The "Path of Guarding Life" or the "Way of Health" (weisheng zhi dao) appears in another Song (960–1279) commentary to the Zhou li (The rites of the Zhou dynasty). The ancient Zhou (1027–771 B.C.E.) court (the ideal model of rulership) appointed medical officials to oversee the health of the people and the court, including jiyi (literally, illness doctors) and shiyi (literally, food doctors). The "illness doctors" attended to the sicknesses of the common people, whereas food doctors made sure that court elites ate food appropriate to the system of cosmological correspondences. By steering a course of moderation and balance in their daily lifestyle, the Zhou rulers never got sick and thus avoided the use of "illness doctors" altogether. One well-known explication of the Zhou li from the Song dynasty notes that by balancing the yin and yang qi of their foods, the Zhou rulers achieved the weisheng zhi dao: the Way of Guarding Life.

For late imperial scholars, these classical references would perhaps be more respectable—and more memorable—than the Way of Guarding Life as it existed within a rambling Daoist text. Benjamin Elman has illuminated the ways in which Song commentaries became the intellectual lifeblood for aspiring scholars in the late imperial period: memorized, quoted, and internalized by generation after generation of young men. These passages reflect how a phrase that appears in several texts from the twelfth century—weisheng zhi dao —could become part of the cultural repertoire of scholars in early modern China. The Way of Health might be associated with the natural "rippling and flowing" of Master Zhuang's Daoism, but if asked to recall a passage in which weisheng appears, a nineteenth-century scholar might turn to the works of Master Zhu and associate the Way of Health with the perfect restraint and moderation practiced by Confucius. In either case, the weisheng that appears in all of these texts suggests that curing sickness before it happens requires an ability to discern the underlying patterns of the universe.


Neither the Zhuangzi nor the works of Zhu Xi contain information about the practices that were associated with weisheng. For this we must turn to the popular collections of medical aphorisms and household health manuals that circulated widely in late imperial China. The late imperial period saw an explosion of commercial printing that facilitated the spread of cheap print beyond urban centers and into small towns. Among the most widely dispersed books (besides copies of the Classics and guides for studying for the civil service examinations) were books that gave advice for daily life: almanacs, household encyclopedias, morality books, medicinal recipe collections, and manuals on preserving health. A glimpse into one such health compilation provides insights into more popular meanings associated with the term weisheng.

The Book of the Immortal Celestials (Wan shou xian shu, c. 1560) is a wonderfully rich combination of advice on the art of preserving health. By the nineteenth century, the book appears in local editions with crudely cut characters and clumsy illustrations, intended for household use on a mass level. The original authorship of the work is somewhat dubiously attributed to the renowned sixteenth-century literatus Luo Hongxian (1504–1564). Whether a brilliant optimus (zhuangyuan) in the Ming imperial examinations would have authored such a folksy compilation of health advice is questionable, but Luo was regaled as a famed student of the Dao, and thus attributing this work to him might have helped bolster its image. Authorship in this case is not an entirely applicable concept. The Book of the Immortal Celestials is not a coherent treatise but a down-to-earth collection of preventive, curative, and regenerative practices, expressed in hundreds of short essays and easily recited maxims (see fig. 1).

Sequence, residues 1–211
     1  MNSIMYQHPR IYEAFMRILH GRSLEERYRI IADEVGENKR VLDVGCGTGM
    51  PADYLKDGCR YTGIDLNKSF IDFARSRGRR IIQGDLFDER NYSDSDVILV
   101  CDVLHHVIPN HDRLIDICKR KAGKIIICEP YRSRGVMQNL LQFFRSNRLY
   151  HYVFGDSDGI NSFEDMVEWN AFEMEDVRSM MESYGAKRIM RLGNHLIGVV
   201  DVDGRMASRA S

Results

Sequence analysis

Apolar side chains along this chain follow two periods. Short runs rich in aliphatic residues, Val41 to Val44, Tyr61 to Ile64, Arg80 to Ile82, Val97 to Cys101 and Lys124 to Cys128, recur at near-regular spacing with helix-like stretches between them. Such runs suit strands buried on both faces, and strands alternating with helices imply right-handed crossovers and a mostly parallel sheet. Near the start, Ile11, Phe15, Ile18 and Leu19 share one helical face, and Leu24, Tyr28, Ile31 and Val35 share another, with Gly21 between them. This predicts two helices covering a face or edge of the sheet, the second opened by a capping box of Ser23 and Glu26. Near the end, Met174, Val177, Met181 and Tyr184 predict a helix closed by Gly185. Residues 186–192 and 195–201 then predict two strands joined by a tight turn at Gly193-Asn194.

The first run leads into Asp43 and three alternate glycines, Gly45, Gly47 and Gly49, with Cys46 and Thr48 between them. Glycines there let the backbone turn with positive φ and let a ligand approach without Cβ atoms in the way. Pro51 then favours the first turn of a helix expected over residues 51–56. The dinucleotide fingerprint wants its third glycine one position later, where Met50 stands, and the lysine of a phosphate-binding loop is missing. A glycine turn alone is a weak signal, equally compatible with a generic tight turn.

One subsection in the Book of the Immortal Celestials, entitled "Precious Precepts for Guarding Life" (Weisheng bao xun), contains the following advice:

• "In the fourth month, the Way of Heaven is moving west, therefore when traveling it is best to go in this direction. In this month, the qi of life is in the Earthly Branch mao. In sitting and lying down, it is best to face due east."

• "In the morning, eat just one bowl of rice gruel."

• "If in the summer you frequently ate raw or cool melon and fruit, in the fall take two liters of the urine of young boys. Add five betel nuts, finely sliced and fried. Take eight doses of this, and then take one dose of fresh ginger juice and water from melted snow. This will purge you two or three times, thus expelling the Cool things that you ate in the summer and the water accumulated in your bladder.... After purging, rice gruel with Chinese chive and sheep kidney—this is an excellent replenishing medicine."

• "During great heat or great cold, do not give in to lust, and do not enter the chamber when you are full and drunk."

• "One must frequently turn one's vision inside, sink the HeartMind [xin] into the Cinnabar Field, and make the Spirit [shen] and qi firmly embrace the Great Profundity."


Excerpted from Hygienic Modernity by Ruth Rogaski. Copyright © 2004 The Regents of the University of California. Excerpted by permission of UNIVERSITY OF CALIFORNIA PRESS.
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Table of Contents

List of Illustrations
Prologue: Sun the Perfected One’s Song of Guarding Life

1. "Conquering the One Hundred Diseases":
Weisheng before the Twentieth Century
2. Health and Disease in Heaven’s Ford
3. Medical Encounters and Divergences
4. Translating Weisheng in Treaty-Port China
5. Transforming Eisei in Meiji Japan
6. Deficiency and Sovereignty:
Hygienic Modernity in the Occupation of Tianjin, 1900–1902
7. Seen and Unseen:
The Urban Landscape and Boundaries of Weisheng
8. Weisheng and the Desire for Modernity
9. Japanese Management of Germs in Tianjin
10. Germ Warfare and Patriotic Weisheng